“If you look back at 1991, and you were to say, you’re going to have a replica famine ship, an emigration history center, the Irish America Hall of Fame, a new quayside about to be developed, investment expected in the Kennedy Homestead, you would say we have achieved everything we could have possibly hoped to achieve,” says Sean. But he and his fellow New Rossers are not ones to sit on their laurels.
“We now have 60,000 visitors a year to see the ship. The goal is to increase that figure to 100,000,” he says.
Visitors to the Dunbrody receive a firsthand experience of mass emigration at a time when the leavetaking was forever. “They didn’t have tools such as Skype that kept them in touch with their loved ones back home,” says Sean. “If they left, they left for good, but we try to take that story onwards and we follow the progression of the Irish when they arrived in North America and that’s what differentiates the Dunbrody Visitor Centre significantly from other projects. We carry the story forward, especially in our Irish America Hall of Fame section.”
Sean is especially proud of the association with Irish America magazine on the Hall of Fame. “It is particularly appropriate that we should have a national center in New Ross honoring the achievements of Irish emigrants and their descendants, and that it be on the same quayside from which JFK’s great-grandfather Patrick boarded the emigrant ship bound for America. What a remarkable journey from famine emigrant to President of the United States in just three generations,” he says.
The planned Irish America Day, is a further celebration of the enduring ties between America and Ireland.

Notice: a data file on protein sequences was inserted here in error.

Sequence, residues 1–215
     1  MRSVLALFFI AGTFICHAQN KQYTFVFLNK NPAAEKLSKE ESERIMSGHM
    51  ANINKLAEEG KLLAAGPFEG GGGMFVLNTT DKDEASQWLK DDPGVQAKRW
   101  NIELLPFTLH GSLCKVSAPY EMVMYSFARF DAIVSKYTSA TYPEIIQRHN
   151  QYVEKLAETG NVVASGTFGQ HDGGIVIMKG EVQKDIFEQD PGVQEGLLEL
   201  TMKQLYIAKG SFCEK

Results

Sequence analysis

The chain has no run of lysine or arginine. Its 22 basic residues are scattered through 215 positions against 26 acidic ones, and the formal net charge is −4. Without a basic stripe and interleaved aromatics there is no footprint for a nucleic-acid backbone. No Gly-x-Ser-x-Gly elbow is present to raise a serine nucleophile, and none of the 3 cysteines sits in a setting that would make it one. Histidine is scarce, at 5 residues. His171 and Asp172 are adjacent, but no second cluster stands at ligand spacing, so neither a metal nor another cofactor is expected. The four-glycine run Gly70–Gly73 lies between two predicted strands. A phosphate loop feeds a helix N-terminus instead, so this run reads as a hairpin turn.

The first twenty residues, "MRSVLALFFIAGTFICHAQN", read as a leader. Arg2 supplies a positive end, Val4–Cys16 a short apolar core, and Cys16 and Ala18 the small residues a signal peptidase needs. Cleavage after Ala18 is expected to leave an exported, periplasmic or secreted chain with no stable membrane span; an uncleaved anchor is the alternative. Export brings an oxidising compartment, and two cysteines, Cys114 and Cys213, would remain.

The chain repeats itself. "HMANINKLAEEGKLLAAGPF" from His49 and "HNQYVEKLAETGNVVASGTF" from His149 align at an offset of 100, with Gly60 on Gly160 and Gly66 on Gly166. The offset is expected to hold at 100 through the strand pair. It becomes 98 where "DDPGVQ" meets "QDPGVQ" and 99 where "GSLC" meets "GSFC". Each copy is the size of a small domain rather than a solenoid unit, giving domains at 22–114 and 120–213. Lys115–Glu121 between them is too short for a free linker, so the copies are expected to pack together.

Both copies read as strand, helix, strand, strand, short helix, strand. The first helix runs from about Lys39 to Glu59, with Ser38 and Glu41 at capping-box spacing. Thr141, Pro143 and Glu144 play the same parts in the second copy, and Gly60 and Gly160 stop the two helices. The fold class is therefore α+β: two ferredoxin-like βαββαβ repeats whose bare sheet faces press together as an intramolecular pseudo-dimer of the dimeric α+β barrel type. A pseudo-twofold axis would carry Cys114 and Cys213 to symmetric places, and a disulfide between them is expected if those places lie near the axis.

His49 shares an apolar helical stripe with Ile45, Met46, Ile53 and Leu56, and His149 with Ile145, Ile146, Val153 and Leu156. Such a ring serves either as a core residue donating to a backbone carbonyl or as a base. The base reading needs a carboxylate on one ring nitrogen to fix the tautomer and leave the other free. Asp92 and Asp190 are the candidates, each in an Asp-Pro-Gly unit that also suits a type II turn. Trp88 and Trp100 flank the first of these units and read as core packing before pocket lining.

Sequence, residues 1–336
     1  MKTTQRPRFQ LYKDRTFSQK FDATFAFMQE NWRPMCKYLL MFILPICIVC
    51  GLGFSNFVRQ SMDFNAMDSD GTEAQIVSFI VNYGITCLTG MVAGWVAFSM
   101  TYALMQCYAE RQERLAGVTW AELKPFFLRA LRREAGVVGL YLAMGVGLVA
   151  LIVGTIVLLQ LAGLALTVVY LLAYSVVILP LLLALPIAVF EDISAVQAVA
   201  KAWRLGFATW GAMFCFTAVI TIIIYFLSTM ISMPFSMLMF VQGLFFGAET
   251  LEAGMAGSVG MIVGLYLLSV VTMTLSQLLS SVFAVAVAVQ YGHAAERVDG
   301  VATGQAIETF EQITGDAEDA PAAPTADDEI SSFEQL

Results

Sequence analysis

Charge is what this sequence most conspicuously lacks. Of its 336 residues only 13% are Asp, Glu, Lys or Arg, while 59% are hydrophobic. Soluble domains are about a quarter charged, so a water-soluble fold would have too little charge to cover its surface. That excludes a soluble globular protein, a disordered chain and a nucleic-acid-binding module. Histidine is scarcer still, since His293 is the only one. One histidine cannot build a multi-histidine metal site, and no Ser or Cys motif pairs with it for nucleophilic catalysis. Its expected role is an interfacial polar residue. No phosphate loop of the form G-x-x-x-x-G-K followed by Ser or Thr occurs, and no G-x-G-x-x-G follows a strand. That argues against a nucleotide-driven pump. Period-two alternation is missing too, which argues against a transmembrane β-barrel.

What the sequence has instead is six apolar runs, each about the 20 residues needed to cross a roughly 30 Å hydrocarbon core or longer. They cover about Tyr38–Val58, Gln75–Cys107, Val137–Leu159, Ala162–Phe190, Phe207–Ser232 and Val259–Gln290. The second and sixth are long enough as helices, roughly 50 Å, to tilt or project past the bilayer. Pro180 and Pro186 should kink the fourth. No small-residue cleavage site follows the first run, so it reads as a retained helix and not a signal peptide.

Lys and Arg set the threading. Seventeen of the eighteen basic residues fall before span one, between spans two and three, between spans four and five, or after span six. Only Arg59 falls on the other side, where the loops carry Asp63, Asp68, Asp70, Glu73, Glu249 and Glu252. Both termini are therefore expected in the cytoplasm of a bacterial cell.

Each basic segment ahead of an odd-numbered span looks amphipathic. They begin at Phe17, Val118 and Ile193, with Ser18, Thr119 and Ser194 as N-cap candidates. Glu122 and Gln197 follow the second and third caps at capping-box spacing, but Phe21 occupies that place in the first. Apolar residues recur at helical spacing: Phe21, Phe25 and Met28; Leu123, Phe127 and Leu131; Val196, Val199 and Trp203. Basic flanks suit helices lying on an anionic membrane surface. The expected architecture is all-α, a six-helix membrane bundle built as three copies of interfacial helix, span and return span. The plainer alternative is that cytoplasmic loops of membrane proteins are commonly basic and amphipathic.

“This inaugural event in a national celebration of our joint heritage that stretches back to the very founding of the United States,” says Sean, who conceived the idea.
“Nine signatories of the Declaration of Independence were Irish, and many more risked their lives to defend it, and Irish America Day is an invitation to Irish Americans to come to Wexford on July 4th to celebrate their freedom and independence and their Irish heritage.”
Among the many colorful events on that day, will be the induction into the Irish America Hall of Fame of some of the greatest Irish Americans of yesteryear – people who left an indelible mark on the American nation, such as Charles Carroll, signatory to the Declaration of Independence; John Barry, the father of the U.S. Navy; Thomas Francis Meagher, Civil War hero; Eugene O’Neill, literary genius; James Hoban, the architect who designed the White House; Mary (Mother) Jones, labor leader; James Concannon of the Aran Islands who established the Concannon Winery in California in 1883; George M. Cohan, composer; and John Huston, movie director. The July 4th celebrations will end with a gala concert featuring the Three Tenors Ireland in concert at the JFK Arboretum.
Sean further explains the reasons behind the celebration. “Given the cyclical nature of our economies and our lives, Ireland is again in a recession that is driving many Irish people to emigrate in search of better life abroad. Forced emigration is again a stark reality for many. And as the Dunbrody and the Irish America Hall of Fame commemorates the lives of those that emigrated many years ago, and celebrates their achievements, and their triumphs over adversity, we would hope that these stories and the lives of the exemplars like JFK, Donald Keough and Michael Flatley can provide an inspiration to the young people of Ireland today to believe that anything is possible and to follow their dreams with hope and determination.”
Paddy Quinn would agree. He wrote a poem shortly before he passed away that now has pride of place in the Irish America Hall of Fame.
They sought a better life in a distant land
From their poverty and strife.
All they possessed was courage and hope
As they sailed away from the
dismal port of Ross
Never again to see their homeland
or loved ones.
Tears flowed like rivers and prayers abounded
From their loved ones left behind broken hearted on the quay.
Many did well and many did not when they reached the shores of
the new world,
But all were willing to take the chance.